While most days I wish I could be driving out to spend the day at a lake, or having picnics in parks and reading novels, I’m actually spending all of the summer working on my thesis. As somebody who has rarely had a full time job, and when I have it has been mostly tied to semester dates (thereby keeping my summers relatively free), this is incredibly difficult for me. Worse still, nobody is actually paying me a living wage to, you know… achieve higher education. Apparently it’s all about the self-motivation. Working on a thesis is rewarding, challenging, mind-opening, lonely, and worthwhile. But it’s not easy.
As a result of my struggles, I have compiled my five top tips for surviving thesis writing during the summer:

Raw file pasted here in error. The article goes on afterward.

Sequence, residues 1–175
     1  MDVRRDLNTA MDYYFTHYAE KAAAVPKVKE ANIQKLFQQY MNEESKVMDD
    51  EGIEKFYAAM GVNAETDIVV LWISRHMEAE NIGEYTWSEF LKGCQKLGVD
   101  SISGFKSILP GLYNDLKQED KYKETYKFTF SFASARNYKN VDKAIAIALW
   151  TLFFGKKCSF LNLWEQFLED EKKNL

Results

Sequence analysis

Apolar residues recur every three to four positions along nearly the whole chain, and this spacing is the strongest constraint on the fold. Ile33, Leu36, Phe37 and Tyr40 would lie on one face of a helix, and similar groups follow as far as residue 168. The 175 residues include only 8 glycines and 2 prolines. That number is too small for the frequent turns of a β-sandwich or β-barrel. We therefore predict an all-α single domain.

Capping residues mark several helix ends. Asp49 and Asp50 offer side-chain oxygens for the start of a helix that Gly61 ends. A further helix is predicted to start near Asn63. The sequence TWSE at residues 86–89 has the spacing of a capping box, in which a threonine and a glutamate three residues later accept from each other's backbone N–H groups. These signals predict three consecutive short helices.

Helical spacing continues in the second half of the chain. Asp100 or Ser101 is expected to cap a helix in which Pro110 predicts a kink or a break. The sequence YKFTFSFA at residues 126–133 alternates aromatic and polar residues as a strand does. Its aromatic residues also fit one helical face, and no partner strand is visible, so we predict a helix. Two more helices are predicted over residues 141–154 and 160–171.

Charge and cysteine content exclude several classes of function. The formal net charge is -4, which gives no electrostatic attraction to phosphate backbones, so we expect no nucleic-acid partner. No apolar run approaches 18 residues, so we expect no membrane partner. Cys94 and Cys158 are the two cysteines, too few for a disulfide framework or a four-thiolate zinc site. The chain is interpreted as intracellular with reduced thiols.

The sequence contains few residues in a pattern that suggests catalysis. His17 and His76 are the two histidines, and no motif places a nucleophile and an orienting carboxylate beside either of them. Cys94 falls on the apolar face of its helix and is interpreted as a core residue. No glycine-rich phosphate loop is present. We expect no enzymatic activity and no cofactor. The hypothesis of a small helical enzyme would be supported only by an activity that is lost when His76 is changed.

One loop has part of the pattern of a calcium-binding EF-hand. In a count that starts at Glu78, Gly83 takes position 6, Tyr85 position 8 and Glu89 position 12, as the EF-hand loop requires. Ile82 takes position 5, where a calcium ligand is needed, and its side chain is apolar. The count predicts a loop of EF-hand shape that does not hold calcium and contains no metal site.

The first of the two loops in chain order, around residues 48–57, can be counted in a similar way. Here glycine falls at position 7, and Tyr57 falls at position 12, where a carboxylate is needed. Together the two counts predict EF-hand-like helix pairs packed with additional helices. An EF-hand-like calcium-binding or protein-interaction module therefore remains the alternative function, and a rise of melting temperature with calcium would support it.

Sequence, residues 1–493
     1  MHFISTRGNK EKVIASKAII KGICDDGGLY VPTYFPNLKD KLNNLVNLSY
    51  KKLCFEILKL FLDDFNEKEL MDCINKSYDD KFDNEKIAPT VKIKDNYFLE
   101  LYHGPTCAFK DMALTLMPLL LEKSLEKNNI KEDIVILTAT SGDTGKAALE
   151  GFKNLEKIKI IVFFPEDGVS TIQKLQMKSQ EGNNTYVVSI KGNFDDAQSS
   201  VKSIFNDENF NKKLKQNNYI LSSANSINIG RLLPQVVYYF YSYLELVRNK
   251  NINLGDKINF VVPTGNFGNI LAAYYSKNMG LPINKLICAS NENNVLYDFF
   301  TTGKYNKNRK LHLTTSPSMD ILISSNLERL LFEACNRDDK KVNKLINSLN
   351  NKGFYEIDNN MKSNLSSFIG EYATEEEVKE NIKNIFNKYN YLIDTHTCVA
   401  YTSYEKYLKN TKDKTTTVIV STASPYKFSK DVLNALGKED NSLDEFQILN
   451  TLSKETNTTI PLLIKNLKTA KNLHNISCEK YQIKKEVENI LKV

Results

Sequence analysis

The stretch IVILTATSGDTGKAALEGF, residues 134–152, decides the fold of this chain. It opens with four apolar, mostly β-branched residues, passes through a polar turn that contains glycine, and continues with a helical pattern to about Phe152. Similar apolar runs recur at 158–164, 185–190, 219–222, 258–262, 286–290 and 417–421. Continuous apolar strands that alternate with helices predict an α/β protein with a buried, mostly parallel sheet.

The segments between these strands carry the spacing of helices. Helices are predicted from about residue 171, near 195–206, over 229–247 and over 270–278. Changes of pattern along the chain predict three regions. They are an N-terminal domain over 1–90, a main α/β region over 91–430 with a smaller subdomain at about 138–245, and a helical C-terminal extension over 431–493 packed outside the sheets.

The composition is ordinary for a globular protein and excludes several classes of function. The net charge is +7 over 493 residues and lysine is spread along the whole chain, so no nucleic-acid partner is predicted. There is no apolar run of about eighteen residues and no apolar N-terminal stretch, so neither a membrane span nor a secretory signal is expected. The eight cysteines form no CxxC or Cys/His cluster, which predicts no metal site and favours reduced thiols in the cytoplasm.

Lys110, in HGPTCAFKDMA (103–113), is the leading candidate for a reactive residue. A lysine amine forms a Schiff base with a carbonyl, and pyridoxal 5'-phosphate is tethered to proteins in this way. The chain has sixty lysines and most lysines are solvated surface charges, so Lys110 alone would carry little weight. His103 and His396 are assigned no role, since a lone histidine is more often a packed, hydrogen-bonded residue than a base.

This week, we have our first guest blogger, April Passi (MA, Second Language Education), co-blogging with BILD member, Dr. Alison Crump.
I have been all over the place lately. I have been just about everywhere but home in Montreal. From January – June of this year, I was living and working in Hong Kong while I completed the fieldwork for my doctoral project, Looking Back and Looking Around: Cellphilming and Revisiting with Ethnic Minority Youth in Hong Kong. The project has taken up a lot of my thinking, and has inspired a few of my previous BILD posts. It continues to inspire my thinking as I move from being in the field with my research participants, to working with them across digital spaces.
Hope is being able to see light despite all the darkness.- Desmond Tutu
On July 2nd, I had the pleasure of spending an evening with friends in Kahnawà:ke, attending the opening night of an art exhibit Lodges, Dams, and Longhouses featuring works by first nations artist Marian Snow. The exhibit is being held at the Kanien’kehá:ka Onkwawén:na Raotitióhkwa Language and Cultural Center. Continue reading